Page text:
WEST PALM BEACH, Fla. - Just over 300,000 people visited the Palm Beach Zoo last year, and it's said to be because of all the little ones running around.
But the babies don't just draw a crowd, they also help conserve and preserve certain species.
The maternity ward at the Palm Beach Zoo was mighty busy last year. More than 100 babies were born in 2012. Some of them are credited with near record attendance for the year.
The adorable fennec fox kittens, the rambunctious twin golden lion tamarins, a cute bush dog whelp, and a hungry tapir all drew big crowds.
Timmy the Tapir had to be hand fed by the zookeepers, and is now a big boy. "He was 18 pounds when he was born and now he is 300 pounds so he is growing very quickly (laughs)," said zookeeper Ashley Yates.
Not all the babies stay at the zoo, last year five fennec foxes were born, and they're getting sent away to other zoos to help conserve the species.
"The whole mission of the Palm Beach Zoo is to conserve and protect wildlife, and that what we do when babies are born here. We take care of them but then we also share them with other accredited zoos, said spokeswoman Aileen Van Pelt .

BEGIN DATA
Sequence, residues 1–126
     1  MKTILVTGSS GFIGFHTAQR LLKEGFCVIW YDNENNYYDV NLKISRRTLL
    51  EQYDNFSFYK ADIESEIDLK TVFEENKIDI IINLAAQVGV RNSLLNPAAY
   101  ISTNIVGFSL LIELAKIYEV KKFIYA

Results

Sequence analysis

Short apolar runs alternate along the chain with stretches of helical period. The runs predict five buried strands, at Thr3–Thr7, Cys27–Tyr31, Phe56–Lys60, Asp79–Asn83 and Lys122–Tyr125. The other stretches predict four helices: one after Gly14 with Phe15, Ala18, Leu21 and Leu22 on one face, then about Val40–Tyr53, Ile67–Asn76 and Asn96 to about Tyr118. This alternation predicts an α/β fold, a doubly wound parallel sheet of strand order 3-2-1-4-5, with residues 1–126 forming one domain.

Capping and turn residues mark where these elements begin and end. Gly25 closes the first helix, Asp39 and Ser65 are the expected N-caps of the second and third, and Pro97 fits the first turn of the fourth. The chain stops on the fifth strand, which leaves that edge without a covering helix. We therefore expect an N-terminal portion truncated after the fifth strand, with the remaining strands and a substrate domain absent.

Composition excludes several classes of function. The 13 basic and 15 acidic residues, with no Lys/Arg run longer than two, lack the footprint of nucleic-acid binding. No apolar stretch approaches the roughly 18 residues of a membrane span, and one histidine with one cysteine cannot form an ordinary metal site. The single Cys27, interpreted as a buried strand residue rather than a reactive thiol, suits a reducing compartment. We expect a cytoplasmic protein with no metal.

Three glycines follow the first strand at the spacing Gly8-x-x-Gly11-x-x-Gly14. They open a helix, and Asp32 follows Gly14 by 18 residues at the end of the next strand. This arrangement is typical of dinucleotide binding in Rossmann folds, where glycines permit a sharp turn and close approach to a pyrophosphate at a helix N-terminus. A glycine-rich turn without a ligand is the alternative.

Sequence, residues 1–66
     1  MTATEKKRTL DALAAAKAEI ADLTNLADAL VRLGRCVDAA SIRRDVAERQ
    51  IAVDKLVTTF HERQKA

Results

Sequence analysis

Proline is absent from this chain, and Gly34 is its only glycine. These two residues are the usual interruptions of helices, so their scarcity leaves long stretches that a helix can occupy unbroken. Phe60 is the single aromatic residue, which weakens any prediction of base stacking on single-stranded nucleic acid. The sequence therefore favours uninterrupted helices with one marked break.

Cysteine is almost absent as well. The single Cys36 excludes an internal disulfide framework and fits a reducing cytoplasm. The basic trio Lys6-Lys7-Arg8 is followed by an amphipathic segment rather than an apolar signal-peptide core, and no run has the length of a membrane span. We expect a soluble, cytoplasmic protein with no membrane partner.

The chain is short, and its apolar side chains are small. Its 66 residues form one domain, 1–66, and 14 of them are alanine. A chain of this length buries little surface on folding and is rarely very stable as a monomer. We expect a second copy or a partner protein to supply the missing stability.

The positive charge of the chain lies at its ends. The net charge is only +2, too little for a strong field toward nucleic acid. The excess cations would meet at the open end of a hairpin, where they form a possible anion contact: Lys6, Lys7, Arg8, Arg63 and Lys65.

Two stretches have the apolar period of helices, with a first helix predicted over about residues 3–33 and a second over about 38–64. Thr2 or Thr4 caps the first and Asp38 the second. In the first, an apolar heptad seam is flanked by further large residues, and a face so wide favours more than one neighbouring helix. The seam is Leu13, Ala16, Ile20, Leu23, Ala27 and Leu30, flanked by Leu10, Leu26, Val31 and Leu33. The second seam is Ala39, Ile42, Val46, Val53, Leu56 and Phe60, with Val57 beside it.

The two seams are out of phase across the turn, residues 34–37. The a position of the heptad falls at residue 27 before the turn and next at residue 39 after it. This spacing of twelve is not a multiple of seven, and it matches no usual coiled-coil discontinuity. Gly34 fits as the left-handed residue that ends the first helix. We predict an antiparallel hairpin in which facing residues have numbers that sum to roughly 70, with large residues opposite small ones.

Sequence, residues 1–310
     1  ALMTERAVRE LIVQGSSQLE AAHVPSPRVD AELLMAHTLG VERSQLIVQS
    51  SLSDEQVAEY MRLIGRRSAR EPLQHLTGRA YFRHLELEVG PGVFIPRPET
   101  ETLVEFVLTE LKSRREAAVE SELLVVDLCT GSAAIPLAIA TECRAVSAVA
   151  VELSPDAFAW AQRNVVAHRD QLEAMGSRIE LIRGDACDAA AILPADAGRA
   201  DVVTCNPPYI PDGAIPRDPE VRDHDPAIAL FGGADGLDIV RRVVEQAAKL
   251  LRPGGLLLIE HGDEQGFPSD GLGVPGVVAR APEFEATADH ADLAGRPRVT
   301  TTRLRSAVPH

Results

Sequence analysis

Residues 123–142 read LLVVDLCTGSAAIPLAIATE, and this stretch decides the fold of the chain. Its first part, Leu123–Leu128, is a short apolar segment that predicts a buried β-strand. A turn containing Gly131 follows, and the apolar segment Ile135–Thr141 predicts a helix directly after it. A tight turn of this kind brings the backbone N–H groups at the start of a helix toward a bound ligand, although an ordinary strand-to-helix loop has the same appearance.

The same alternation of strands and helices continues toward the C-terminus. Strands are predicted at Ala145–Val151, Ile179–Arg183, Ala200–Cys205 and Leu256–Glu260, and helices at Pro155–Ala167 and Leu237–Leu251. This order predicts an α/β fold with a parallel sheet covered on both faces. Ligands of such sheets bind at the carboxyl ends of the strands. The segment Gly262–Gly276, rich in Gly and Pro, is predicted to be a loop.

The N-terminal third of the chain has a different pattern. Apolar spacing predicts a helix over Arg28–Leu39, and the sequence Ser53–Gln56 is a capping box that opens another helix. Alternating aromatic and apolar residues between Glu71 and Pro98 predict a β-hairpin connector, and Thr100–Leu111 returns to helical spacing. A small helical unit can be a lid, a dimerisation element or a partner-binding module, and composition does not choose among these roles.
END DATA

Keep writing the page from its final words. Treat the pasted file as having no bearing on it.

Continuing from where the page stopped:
It is a nationwide effort to increase the population of vulnerable animals, such as the endangered golden lion tamarins. They had twins last year.
The peppy monkeys are always a hit for visitors. "My favorite monkey? It would have to be the golden lion tamarin." said
Ethan, a 3rd grade student at Summit Questa Montessori School. "I think that monkeys are a great magnificent animals."
And not all of the babies are zoo-bound. Part of the "species survival plan" is to release animals back into the wild to help repopulate their numbers.
Three of the newest babies will be on display for "Super Babies Saturday" January 26th at the Palm Beach Zoo: A Chinese muntjac, a spider monkey, and Delilah the baby giant anteater.